Colorado Clothing Donations Help Fund Adaptive Athletes
Did you know? When you recycle unwanted clothing, shoes and household textiles in your neighborhood ATRS donation bin, you’re supporting one of over 20 different charitable organizations across the country. For Colorado residents, this charity is the Colorado Avalanche Sled Hockey Team (CSH). Here’s how this local organization benefits from the ATRS Clothing & Shoe Recycling Partnership:
The CSH “Lil Avs” youth team and their coaches in front of an ATRS Recycler.
Corey Fairbanks is the Executive Director of Colorado Adaptive Sports Foundation (CASF) and a huge advocate for sports for athletes with disabilities. Corey played football at the University of Nebraska before surviving a skiing injury that paralyzed him below the chest. Shortly after, Corey began playing sled hockey, a passion he continued for 17 years.
“You can take the sport away from an athlete, but you can never take an athlete out of the human spirit,” he explains.
Corey credits his “competitive juices” for motivating his speedy recovery and inspiring a new passion for sled hockey. CSH was founded in 1995 by Corey and four other men meeting to play pick-up games on Wednesday mornings, playing with old or donated equipment. It grew into the five-sport umbrella organization that CASF is today.
Although Corey was an able-bodied athlete who discovered sled hockey after his injury, CSH attracts many athletes who were born with disabilities as well. In fact, that was the reason behind Corey’s decision to expand CSH. “I wanted to give kids who were born with disabilities the opportunity to get out there and compete and understand the thrill of competition.”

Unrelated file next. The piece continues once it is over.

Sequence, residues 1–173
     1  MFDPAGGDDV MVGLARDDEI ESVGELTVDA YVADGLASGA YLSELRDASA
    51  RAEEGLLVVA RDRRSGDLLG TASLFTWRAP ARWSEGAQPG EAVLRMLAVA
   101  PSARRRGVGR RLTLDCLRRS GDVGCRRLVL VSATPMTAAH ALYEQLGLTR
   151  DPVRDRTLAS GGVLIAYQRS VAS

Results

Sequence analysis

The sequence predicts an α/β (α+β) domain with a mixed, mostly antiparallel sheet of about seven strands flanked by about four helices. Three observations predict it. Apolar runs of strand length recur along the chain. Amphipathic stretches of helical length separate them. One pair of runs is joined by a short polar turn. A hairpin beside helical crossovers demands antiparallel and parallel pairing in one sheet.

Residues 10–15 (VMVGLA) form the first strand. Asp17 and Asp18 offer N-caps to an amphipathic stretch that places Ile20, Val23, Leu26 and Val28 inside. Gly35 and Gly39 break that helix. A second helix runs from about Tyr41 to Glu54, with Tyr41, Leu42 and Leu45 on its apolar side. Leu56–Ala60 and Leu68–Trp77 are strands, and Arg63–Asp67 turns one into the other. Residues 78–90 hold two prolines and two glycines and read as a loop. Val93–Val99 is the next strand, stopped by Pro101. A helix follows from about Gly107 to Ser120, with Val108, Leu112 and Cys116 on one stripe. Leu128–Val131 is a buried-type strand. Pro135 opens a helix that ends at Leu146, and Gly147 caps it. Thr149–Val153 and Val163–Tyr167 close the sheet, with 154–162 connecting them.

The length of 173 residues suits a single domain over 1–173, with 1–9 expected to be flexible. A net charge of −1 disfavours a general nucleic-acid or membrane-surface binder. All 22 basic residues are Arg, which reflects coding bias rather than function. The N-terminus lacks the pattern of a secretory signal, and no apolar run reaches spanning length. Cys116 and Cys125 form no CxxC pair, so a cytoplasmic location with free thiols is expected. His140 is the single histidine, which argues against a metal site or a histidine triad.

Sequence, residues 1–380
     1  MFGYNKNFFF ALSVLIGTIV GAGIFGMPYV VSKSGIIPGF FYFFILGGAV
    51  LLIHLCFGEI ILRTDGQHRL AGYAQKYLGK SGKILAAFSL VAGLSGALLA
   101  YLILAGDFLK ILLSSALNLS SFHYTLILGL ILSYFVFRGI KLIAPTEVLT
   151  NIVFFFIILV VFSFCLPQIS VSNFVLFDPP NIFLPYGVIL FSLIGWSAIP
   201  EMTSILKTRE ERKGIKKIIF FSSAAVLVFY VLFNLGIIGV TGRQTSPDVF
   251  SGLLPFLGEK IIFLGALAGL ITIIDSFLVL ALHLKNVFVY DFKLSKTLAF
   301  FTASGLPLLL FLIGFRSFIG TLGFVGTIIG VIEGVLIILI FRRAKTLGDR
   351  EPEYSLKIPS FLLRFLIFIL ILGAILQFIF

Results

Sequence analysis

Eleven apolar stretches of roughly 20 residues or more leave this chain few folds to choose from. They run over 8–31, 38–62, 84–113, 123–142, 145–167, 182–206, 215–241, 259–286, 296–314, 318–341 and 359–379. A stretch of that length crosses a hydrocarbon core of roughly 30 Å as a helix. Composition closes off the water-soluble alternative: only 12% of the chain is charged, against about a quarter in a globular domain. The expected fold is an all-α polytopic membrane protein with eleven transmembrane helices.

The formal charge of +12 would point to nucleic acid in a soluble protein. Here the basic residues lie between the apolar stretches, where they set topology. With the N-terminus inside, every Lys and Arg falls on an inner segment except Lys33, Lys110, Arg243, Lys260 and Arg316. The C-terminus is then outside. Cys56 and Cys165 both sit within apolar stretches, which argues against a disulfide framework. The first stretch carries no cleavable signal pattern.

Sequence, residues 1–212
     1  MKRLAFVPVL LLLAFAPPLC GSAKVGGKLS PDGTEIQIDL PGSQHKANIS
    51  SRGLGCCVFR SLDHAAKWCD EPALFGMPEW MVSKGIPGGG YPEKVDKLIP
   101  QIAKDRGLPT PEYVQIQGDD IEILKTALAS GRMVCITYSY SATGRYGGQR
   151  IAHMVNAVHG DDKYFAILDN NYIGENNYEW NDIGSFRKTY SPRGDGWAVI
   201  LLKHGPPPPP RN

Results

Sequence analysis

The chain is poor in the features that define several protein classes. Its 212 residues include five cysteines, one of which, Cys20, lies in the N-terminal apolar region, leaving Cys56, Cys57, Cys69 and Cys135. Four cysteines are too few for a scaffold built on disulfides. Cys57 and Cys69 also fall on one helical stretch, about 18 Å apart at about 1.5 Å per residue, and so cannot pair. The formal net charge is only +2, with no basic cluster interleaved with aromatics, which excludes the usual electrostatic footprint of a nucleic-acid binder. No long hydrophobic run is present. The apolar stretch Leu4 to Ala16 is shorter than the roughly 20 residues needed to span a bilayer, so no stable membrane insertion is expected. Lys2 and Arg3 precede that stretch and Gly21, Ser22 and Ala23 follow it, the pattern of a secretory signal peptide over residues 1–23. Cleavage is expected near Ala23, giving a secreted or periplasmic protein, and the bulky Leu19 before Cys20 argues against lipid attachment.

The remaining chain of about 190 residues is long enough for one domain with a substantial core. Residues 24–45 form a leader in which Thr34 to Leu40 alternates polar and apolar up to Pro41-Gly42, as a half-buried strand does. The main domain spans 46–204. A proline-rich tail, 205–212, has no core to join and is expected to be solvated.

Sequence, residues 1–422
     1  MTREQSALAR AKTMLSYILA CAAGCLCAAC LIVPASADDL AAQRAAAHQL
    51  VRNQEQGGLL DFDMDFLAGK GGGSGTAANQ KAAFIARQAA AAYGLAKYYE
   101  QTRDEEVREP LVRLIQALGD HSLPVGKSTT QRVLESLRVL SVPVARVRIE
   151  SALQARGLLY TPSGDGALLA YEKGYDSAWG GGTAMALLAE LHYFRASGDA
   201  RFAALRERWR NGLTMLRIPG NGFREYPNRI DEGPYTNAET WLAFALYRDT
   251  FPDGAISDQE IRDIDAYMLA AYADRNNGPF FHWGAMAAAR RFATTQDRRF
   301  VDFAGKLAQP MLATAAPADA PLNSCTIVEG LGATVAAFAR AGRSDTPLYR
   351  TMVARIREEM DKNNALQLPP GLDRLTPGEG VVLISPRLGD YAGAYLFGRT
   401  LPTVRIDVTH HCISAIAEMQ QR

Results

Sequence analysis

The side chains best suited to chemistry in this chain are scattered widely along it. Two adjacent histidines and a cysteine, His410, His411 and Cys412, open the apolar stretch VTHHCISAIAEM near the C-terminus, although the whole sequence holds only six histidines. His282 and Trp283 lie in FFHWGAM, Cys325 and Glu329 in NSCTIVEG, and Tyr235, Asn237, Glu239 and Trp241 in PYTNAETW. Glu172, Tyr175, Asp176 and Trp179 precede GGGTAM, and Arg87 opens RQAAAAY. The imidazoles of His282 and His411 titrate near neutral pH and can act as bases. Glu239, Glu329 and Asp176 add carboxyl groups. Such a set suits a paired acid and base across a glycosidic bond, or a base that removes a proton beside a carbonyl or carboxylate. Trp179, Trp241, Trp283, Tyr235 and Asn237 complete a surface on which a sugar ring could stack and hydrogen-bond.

Colorado Avalanche Sled Hockey players at practice. Photo courtesy of The Denver Post.
CSH receives grants and other funding, but its largest source of revenue comes from the ATRS Clothing & Shoe Recycling Partnership. ATRS pays CSH the fair market value for all items donated into bins featuring their distinctive “hockey sticks” logo (find a bin here). So the more pounds of clothing & shoes donated, the more money CSH receives for local programs. This funding provides training space and equipment to National Championship finalists and winning teams, from the Lil Avs youth league to the adult Colorado Avalanche Sled Hockey players. Here’s hoping CSH retains its championship status at the 2016 Disabled Hockey Festival!
Aside from winning championships, CSH helps adaptive athletes to build lifelong bonds. Pierce Grandchamp is an athlete who has spina bifida and was one of the original CSH youth players. He now serves as a junior coach for the next generation of sled hockey stars. Pierce was also part of the 2015 National Championship team. “It’s a testament to how strong the program is and how much it’s influenced his life,” said Corey. “Now he’s able to give back.”
Pierce on the rink with Corey’s son, Owen. Owen is an able-bodied hockey player, but is learning to play sled hockey as well.
As Corey says: “In my personal opinion, adaptive athletes are ten times better than able-bodied athletes. They have to overcome disability and succeed as athletes at the same time.” We at ATRS couldn’t be prouder to serve this group of amazing individuals and look forward to many more years of our partnership together.